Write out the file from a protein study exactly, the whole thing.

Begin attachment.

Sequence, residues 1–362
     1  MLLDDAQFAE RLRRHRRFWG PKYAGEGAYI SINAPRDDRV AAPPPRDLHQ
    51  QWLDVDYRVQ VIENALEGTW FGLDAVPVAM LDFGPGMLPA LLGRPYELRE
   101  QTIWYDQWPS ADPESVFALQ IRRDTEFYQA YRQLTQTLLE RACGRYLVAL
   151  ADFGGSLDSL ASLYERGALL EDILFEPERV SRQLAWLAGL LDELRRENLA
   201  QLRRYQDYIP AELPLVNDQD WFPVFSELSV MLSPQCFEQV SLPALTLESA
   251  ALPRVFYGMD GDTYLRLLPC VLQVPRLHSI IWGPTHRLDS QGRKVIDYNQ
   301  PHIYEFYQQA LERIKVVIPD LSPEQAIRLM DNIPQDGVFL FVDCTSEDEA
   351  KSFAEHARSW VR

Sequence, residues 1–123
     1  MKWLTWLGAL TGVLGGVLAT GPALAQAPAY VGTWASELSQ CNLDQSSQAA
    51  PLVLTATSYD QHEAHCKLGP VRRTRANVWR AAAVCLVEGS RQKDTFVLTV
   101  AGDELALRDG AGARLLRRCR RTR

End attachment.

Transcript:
Sequence, residues 1–362
     1  MLLDDAQFAE RLRRHRRFWG PKYAGEGAYI SINAPRDDRV AAPPPRDLHQ
    51  QWLDVDYRVQ VIENALEGTW FGLDAVPVAM LDFGPGMLPA LLGRPYELRE
   101  QTIWYDQWPS ADPESVFALQ IRRDTEFYQA YRQLTQTLLE RACGRYLVAL
   151  ADFGGSLDSL ASLYERGALL EDILFEPERV SRQLAWLAGL LDELRRENLA
   201  QLRRYQDYIP AELPLVNDQD WFPVFSELSV MLSPQCFEQV SLPALTLESA
   251  ALPRVFYGMD GDTYLRLLPC VLQVPRLHSI IWGPTHRLDS QGRKVIDYNQ
   301  PHIYEFYQQA LERIKVVIPD LSPEQAIRLM DNIPQDGVFL FVDCTSEDEA
   351  KSFAEHARSW VR

Sequence, residues 1–123
     1  MKWLTWLGAL TGVLGGVLAT GPALAQAPAY VGTWASELSQ CNLDQSSQAA
    51  PLVLTATSYD QHEAHCKLGP VRRTRANVWR AAAVCLVEGS RQKDTFVLTV
   101  AGDELALRDG AGARLLRRCR RTR